The practice of Capoeira only began to be legal during the 1930's with Master Bimba's Capoeira Regional. In 1942 Master Pastinha devised a different form of Capoeira denominated Capoeira Angola (for the relation between Capoeira and the construction of Brazilianness and the imagined Africa see Brito 2008). In that year, the currency called Real went out of circulation and the dobrão lost all of its financial value, being replaced by the Cruzeiro. Authors such as Santos (2005) have shown that Capoeira ceased to be associated only with malandragem - a Bohemian lifestyle associated with idleness and hustling of one kind another to take its place as a tourist attraction. Capoeira began to be commercialized and Masters were hired by the State or by hotels to make "Rodas de Capoeira" as a tourist attraction in the city of Salvador. Santos argues that in this way the State and the market began to exert a subtle control of Capoeira and the capoeiristas.

In that same year of 1942, the berimbau started to be commercialized at the Mercado Modelo (located in the neighborhood called Cidade Baixa in the city of Salvador). To this day it displays the greatest number and variety of berimbaus.

According to Shaffer (1977), it was Master Waldemar Rodrigues da Paixão (or Walldemar da Pero Vaz, or even Waldemar da Liberdade 4- "of Freedom") who started selling berimbau in the Mercado Modelo. It was his major source of livelihood until his death in 1990 (Abreu 2003). Unfortunately, Shaffer (1977) wasn't interested in knowing (or at least didn't write about) the manufacture and sale price of the berimbau when it first came on to the market. In spite of this omission, he offers valuable information about the manufacture and sale prices of the berimbau in 1977 and also tells us that ordinary ferrules were offered to the buyers, instead of the dobrão.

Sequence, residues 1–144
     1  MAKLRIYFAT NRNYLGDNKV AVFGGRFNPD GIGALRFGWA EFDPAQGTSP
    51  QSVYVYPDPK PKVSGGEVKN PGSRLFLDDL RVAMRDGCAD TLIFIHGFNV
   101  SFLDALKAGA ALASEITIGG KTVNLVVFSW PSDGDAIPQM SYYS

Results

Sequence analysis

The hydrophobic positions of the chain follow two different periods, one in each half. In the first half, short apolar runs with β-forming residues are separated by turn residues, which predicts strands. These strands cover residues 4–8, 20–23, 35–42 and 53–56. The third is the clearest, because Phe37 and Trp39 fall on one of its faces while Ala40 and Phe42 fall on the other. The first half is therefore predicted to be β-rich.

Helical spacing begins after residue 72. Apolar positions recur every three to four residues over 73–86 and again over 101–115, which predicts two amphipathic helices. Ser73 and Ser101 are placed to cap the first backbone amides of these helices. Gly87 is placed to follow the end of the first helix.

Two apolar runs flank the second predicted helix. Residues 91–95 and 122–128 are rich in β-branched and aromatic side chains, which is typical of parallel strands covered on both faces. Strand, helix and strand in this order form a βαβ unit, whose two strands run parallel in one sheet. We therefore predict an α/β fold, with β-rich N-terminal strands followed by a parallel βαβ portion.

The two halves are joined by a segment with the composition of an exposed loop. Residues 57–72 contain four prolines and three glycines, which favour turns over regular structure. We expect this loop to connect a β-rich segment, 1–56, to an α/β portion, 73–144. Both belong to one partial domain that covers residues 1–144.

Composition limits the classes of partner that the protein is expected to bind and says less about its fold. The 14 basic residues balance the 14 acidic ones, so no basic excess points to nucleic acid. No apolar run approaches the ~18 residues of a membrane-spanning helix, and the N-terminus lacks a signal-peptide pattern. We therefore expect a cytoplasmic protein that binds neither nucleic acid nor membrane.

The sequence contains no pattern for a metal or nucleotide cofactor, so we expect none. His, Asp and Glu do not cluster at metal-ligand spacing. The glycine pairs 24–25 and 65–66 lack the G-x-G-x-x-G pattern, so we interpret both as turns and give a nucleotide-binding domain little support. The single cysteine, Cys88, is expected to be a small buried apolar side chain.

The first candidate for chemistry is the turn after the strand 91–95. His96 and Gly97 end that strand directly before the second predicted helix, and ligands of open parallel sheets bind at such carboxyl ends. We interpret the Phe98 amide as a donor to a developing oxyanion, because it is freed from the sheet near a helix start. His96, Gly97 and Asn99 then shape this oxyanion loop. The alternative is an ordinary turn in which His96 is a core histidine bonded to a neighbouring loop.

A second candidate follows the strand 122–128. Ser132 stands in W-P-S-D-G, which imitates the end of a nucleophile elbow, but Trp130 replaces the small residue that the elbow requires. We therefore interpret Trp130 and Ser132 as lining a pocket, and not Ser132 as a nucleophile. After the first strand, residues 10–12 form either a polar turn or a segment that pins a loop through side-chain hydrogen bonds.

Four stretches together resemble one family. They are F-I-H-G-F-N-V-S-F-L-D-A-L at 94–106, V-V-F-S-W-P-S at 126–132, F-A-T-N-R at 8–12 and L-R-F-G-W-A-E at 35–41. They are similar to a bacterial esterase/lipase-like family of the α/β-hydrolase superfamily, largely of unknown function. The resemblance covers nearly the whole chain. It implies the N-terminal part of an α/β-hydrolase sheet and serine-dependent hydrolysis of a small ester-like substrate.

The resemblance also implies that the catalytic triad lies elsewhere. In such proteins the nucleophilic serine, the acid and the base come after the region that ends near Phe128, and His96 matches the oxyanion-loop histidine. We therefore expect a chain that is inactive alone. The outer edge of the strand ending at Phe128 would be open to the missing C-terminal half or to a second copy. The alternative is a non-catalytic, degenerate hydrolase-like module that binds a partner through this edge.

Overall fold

The fact that Master Waldemar was known as one of the best players and singers of Capoeira among the Capoeira Masters in Salvador, gave enormous credibility to the berimbau he built. According to Shaffer (1977) the cost of producing the berimbau was about Cr$ 20 to Cr$ 25. It could be sold for twice or three times as much.

In this way, the berimbau, whose value was determined by its use, became merchandise in the beginning of the 1940's. It was turned out in series (around a hundred pieces a week). The original medals or dobrões used to pressure the string were replaced by a sort of washer. The berimbau was no longer associated with the fight for freedom. The use of a common washer represented the transformation of an object valued by its "use" to an object valued for its "exchange": the production of the berimbau began to be thought of in terms of the maximization of profit. If the berimbau had signified liberty to the slaves who played it, but the 1940s, it was just one more commodity in the capitalist order.

Nowadays berimbaus are sold through the Internet. Valmir das Biribas is a leading player in the market due to the acknowledgment of the quality of the instruments he sells. He is presented by foreign berimbau sale websites as an heir to Master Waldemar's manufacturing techniques. His fully equipped berimbau, complete with the playing stick (baqueta), the dobrão, and caxixi are sold for an average of 90 Euros on the European market. (http://www.ocapoeira.com/fr/c-20-berimbau5.)